The court holds a hearing, allowing arguments for and against the detention of the petitioner. The proceedings are summary proceedings, meaning that they are expedited and make little provision for discovery, allowing the court to proceed “as justice requires.”

The only point at issue is whether the petitioner’s detention is lawful. If the court determines that it is, the petitioner will be returned to the detention facility. If it determines that it is not, the defendant will be released. The court may also release a person denied bail or reduce the amount of bail set.

  1. What Is a Petition for a Writ of Habeas Corpus?
  2. How to Challenge a Conviction or Sentence in New York
  3. Grounds for a Writ of Habeas Corpus
  4. How to File a Petition for a Writ of Habeas Corpus in New York
  5. Effective Arguments in Petitions for a Writ of Habeas Corpus

Effective Arguments in Petitions for a Writ of Habeas Corpus

The skilled habeas corpus lawyers at Spolin Law P.C. discuss effective arguments for petitions

The skilled habeas corpus lawyers at Spolin Law P.C. discuss effective arguments for petitions. Call Spolin Law P.C. to learn how we can fight for your rights: (310) 424-5816.

A writ of habeas corpus is an extraordinary remedy for a defendant, but several arguments can be made that would justify issuance of a writ and immediate release of the defendant. These include:

Failure to Extradite

If the state failed to extradite the prisoner (send them to another state for prosecution) within 90 days of their detention, then the imprisonment in New York may be improper.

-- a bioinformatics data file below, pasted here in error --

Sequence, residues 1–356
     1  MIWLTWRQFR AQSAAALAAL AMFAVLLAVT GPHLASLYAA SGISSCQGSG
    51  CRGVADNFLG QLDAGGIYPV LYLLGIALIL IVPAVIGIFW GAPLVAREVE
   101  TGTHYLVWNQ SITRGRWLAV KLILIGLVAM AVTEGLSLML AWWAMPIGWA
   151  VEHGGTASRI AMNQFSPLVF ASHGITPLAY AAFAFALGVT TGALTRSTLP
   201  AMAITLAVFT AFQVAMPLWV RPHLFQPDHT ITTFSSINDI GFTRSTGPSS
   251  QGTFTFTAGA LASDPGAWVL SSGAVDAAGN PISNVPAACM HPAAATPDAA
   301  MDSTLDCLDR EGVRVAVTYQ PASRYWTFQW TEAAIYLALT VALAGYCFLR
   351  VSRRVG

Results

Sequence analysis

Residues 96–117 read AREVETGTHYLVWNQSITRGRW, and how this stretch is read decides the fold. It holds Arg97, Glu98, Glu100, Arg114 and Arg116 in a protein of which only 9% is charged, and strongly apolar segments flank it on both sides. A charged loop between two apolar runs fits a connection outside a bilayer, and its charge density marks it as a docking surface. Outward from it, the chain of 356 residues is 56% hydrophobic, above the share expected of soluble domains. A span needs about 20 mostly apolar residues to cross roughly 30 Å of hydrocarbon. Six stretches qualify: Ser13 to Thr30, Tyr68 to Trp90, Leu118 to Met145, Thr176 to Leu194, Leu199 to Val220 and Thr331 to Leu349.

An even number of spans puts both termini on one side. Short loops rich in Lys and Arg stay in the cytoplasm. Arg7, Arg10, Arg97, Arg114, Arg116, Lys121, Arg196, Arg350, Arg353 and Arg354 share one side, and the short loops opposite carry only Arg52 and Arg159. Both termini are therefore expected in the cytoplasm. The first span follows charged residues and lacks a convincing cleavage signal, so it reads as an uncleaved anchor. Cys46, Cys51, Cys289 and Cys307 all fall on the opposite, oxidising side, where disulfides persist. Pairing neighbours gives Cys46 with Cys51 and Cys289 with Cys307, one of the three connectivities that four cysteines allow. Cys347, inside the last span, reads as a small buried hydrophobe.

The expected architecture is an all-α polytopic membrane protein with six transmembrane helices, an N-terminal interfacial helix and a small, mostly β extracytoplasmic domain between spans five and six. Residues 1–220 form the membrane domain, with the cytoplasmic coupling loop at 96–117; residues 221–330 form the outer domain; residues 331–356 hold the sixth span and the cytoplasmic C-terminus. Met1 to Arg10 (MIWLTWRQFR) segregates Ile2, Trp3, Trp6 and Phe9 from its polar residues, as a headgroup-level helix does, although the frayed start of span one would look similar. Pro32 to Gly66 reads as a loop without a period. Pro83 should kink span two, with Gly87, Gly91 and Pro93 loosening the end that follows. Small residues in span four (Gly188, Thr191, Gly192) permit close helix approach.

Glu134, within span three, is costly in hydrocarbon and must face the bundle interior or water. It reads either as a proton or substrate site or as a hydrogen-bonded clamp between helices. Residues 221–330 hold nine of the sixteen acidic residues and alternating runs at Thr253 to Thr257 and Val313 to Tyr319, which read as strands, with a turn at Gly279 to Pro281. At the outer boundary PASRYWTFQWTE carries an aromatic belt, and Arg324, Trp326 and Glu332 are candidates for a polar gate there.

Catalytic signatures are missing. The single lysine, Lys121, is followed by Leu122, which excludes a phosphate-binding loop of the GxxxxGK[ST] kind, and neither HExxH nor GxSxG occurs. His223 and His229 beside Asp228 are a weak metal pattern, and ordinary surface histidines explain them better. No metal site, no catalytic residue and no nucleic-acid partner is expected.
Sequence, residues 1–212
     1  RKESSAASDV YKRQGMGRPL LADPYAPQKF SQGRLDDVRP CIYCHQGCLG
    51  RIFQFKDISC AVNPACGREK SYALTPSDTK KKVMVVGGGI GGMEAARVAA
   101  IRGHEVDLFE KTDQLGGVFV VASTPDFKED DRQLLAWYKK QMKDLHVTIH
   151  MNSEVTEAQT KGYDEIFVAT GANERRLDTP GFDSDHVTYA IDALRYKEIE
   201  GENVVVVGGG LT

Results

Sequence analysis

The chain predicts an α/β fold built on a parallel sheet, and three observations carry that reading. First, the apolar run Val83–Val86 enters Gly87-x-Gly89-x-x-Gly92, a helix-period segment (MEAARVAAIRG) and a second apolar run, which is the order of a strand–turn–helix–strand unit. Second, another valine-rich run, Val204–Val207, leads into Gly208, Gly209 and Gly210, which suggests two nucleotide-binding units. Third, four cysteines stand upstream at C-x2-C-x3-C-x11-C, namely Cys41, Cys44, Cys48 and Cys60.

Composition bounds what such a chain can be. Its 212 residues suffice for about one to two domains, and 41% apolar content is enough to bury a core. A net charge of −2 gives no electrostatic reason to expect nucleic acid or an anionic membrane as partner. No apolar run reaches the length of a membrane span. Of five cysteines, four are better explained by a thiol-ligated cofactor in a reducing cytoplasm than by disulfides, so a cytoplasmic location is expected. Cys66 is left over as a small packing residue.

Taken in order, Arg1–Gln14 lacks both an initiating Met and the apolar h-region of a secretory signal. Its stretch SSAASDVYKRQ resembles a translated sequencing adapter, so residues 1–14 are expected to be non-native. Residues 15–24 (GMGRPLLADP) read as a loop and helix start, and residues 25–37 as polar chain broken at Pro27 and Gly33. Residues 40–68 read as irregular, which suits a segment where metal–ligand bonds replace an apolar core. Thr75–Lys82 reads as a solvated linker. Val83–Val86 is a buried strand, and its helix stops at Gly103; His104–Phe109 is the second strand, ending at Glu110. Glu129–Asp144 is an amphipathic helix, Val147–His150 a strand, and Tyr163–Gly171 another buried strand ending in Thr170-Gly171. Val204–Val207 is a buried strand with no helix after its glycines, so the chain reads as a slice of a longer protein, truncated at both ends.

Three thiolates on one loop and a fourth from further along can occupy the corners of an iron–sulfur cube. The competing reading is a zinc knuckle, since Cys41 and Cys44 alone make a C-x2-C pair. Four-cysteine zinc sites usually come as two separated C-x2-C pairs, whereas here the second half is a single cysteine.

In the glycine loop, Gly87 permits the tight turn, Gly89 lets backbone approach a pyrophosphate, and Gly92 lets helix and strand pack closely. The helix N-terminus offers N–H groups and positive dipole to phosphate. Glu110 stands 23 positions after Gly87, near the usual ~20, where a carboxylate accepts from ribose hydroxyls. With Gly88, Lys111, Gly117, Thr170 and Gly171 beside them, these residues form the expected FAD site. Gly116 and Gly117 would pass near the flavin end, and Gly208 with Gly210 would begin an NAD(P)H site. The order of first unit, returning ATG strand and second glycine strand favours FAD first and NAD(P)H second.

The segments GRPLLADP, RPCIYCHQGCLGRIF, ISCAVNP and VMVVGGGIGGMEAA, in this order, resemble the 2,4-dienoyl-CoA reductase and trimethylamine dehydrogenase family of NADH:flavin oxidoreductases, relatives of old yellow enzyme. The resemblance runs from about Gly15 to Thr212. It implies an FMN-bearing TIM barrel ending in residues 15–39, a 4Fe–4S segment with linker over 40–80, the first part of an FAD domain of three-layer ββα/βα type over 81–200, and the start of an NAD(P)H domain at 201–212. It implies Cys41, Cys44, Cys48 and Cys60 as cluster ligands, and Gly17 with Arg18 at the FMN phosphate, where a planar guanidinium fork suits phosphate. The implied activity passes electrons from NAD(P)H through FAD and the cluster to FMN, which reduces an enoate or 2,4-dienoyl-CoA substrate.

The Indictment Was Faulty

If the indictment (the instrument charging a defendant with a crime) was faulty or outside the jurisdiction of the court and if the issue is “very important,” that would invalidate the conviction, such as when:

  • An indictment or information was not filed at all.
  • The indictment failed to state facts to meet every necessary element of the crime with which the defendant was charged, and the court was entirely stripped of jurisdiction as a result.
  • The court convicted the defendant of a crime not included in the indictment.

Improper Bail

If bail was improperly denied or was set too high, then current imprisonment may be illegal.

Incarceration Without Arraignment

A person arrested without a warrant cannot be detained for longer than twenty-four hours without an arraignment (the proceeding in which a defendant is called before the court to answer a charge).

Lack of a Speedy Trial

A defendant has a right to a speedy trial under New York law. If this is violated and the defendant does not waive that right, then the incarceration may be improper.

The Sentence Has Already Been Served

If the defendant has already served their sentence and is still being detained, incarceration is illegal.

Unconstitutional Statute

If the statute under which a defendant was prosecuted is unconstitutional, then incarceration would be improper. This argument requires review of state and federal laws and rights of the defendant to determine if a New York statute is unconstitutional.

Voided Law

Laws are constantly changing. If the law used to convict the defendant has been declared void or repealed, incarceration is no longer valid.

Illegal Parole Revocation Hearing

If a defendant’s preliminary or final parole revocation hearing was not conducted in accordance with the law, the incarceration may be invalid. The exception would be if parole was revoked because the parolee committed another crime.